Ensure Government Procurement Produces the Best Value for Taxpayer’s Money
According to the GIACC, procurement has been identified as one area that is most prone to corruption and it is currently being reviewed by the Ministry of Finance. In reference to reforms in the area of procurement, the government has taken the following steps:
1) In November 2018, the Minister of Finance announced that a Procurement Act would be tabled in 2019.
2) In November 2018, the Ministry of Works announced that a digitalised procurement system to ensure greater transparency would be put in place and expected to be completed in the year 2020. The Ministry also planned to set up an in-house committee comprising the MACC to address issues surrounding corruption before tenders are awarded.
3) In April 2019, the Ministry of Finance stated that the government had implemented an open tender system and zero-based budgeting throughout the public sector in its effort to stamp out corruption.
While the above mentioned steps are vital in addressing corruption and abuse of power emanating from procurement practices, we would like to emphasize that effective implementation of reforms can only be achieved by putting in place a law to deal with procurement. The law on procurement must address/embody the following:
1) Conflict of interest and the culture of patronage politics.
2) Clear punitive measures to be taken against wrongdoers across the supply chain.
It bears reiterating that this law cannot operate alone, hence the creation of the Public Ombudsman Office, must come hand in hand. Additionally, Parliament must further equip the PAC to conduct thorough investigations on the serious malfeasance reported in the Auditor General report, and ensure punitive action is clearly meted out, via the Chief Secretary.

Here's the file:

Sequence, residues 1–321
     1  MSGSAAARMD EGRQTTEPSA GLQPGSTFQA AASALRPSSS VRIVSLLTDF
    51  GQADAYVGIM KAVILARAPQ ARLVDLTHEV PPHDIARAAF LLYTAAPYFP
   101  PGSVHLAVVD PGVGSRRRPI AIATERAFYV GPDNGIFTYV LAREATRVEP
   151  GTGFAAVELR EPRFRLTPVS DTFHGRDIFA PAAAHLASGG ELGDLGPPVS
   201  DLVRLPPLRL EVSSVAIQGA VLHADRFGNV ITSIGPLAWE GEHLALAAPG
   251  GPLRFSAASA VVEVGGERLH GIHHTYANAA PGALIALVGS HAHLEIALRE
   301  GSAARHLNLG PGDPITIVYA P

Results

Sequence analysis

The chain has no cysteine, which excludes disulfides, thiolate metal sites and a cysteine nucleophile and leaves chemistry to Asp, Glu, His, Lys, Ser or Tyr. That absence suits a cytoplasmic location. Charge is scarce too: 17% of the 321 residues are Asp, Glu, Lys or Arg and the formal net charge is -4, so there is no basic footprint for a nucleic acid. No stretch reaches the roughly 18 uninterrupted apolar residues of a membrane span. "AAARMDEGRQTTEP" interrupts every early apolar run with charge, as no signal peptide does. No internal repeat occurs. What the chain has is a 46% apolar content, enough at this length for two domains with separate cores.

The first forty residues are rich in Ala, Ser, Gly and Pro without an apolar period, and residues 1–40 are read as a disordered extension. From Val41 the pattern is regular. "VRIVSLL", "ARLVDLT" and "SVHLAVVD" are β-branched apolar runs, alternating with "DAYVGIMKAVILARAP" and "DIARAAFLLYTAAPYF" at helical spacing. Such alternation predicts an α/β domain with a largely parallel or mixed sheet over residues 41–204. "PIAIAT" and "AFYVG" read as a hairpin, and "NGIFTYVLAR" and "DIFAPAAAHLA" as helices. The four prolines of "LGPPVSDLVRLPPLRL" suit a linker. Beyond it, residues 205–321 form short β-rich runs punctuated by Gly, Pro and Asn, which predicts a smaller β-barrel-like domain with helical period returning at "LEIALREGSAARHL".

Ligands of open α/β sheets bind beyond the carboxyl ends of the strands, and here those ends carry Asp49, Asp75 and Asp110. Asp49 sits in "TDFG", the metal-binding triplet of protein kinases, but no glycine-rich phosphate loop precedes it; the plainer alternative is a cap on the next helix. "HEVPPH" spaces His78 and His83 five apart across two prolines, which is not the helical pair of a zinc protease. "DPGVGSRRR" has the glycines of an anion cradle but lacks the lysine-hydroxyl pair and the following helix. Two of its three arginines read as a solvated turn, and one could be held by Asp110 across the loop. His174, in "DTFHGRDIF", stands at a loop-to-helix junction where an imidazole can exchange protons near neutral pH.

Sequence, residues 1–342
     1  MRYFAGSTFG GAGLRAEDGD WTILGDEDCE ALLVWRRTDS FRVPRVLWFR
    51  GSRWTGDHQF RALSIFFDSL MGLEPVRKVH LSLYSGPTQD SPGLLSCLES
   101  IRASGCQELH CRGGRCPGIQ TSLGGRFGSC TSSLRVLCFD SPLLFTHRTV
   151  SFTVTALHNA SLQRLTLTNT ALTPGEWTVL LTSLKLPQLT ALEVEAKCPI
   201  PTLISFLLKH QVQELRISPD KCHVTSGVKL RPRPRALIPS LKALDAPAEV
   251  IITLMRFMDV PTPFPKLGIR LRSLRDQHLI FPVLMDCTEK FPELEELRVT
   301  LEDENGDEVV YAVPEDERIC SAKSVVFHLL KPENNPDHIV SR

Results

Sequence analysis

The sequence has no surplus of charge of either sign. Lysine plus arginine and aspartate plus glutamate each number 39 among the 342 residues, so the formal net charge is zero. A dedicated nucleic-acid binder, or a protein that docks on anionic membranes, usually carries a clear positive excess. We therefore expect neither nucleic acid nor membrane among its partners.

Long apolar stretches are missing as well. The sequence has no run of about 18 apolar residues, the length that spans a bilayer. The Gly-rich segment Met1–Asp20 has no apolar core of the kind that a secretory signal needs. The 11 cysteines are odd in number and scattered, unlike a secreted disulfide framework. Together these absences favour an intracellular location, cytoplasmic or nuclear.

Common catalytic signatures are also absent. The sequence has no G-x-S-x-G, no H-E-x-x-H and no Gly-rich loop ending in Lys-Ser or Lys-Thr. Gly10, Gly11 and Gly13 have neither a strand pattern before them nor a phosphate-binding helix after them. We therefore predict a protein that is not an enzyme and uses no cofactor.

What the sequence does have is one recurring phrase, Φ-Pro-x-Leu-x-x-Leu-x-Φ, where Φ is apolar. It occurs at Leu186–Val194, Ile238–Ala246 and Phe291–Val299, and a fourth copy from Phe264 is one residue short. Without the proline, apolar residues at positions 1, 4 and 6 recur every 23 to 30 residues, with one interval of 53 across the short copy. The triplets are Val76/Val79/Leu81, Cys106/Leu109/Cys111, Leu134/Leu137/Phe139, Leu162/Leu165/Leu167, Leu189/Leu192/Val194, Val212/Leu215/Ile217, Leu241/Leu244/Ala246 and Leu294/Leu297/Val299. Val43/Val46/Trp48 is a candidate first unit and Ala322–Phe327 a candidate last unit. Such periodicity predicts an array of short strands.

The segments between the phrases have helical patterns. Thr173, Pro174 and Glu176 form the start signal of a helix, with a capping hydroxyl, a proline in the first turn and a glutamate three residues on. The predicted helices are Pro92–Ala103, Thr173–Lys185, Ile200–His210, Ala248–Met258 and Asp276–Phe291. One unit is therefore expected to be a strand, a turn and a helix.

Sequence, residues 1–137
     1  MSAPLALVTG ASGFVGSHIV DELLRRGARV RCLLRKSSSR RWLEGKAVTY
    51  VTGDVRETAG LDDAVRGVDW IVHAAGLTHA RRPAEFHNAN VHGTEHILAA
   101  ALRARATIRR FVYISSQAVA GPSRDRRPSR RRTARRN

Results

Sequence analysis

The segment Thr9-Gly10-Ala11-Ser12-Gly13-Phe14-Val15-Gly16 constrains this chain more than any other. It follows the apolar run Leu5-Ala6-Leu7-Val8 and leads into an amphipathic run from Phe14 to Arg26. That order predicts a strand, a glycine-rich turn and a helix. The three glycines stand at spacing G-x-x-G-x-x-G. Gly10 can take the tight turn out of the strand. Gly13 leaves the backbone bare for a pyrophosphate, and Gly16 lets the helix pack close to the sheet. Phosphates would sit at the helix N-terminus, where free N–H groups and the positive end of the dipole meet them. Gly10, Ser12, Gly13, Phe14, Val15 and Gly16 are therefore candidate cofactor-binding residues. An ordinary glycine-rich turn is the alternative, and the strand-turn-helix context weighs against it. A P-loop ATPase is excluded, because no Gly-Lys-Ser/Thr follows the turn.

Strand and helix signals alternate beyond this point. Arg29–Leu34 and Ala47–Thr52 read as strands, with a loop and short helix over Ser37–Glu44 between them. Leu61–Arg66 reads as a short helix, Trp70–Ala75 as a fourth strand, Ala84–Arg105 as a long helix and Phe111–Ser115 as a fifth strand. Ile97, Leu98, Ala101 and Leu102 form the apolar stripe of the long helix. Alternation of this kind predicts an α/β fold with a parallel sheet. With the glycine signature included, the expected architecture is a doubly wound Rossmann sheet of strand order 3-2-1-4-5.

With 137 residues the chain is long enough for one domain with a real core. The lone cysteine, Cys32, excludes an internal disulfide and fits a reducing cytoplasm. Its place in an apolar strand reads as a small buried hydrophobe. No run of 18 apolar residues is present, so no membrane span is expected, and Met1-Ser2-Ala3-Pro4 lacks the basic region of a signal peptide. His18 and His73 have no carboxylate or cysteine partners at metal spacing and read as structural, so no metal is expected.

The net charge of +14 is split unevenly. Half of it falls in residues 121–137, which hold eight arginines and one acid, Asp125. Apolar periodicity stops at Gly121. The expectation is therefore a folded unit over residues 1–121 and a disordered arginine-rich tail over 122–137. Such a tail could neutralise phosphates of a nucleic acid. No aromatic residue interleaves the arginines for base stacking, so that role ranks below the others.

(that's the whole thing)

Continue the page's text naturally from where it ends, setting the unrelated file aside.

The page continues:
The government’s commitment to enacting a Procurement Act is timely and commendable. Details as to when and how this commitment is going to be materialized remains sketchy. It bears reminding that consultations with civil society organizations is important and should be immediately initiated to kick-start the process of legislating this important law. This in line with the government’s obligation under Article 13(1)(a) of the United Nations Convention against Corruption (UNCAC) which mandates that the government promote active participation of society in decision-making processes. Consultations with civil society organizations are key to ensuring that the law truly captures all pertinent points that need to be included to ensure its effective application and implementation.
We would like to also urge that a clear roadmap be provided to inform the public of the steps that the government intends to take to ensure that the law on procurement is eventually enacted. Under Article 13(1)(b) of the UNCAC, the government has an obligation to ensure that the public is given effective access to information related to its anti-corruption measures.
Reform the public procurement system and the way contracts are awarded
Ensure open tendering is used extensively and transparently, particularly for large projects
MOF to review all giant infrastructure projects with foreign countries
Review the practice of government procurement and tendering system
Review the processes to issue public-private partnership contracts by the Public-Private Partnership Unit (UKAS)
Relocate UKAS from PMD to MOF and revamp to check the powers of the Minister
Widen the use of information technology and online systems to eliminate individual and political influences in decision-making
Post online information about awarded contracts for public and civil society’s checking
Assist SMEs to access information on government tenders, so that they have equal opportunity to bid for suitable contracts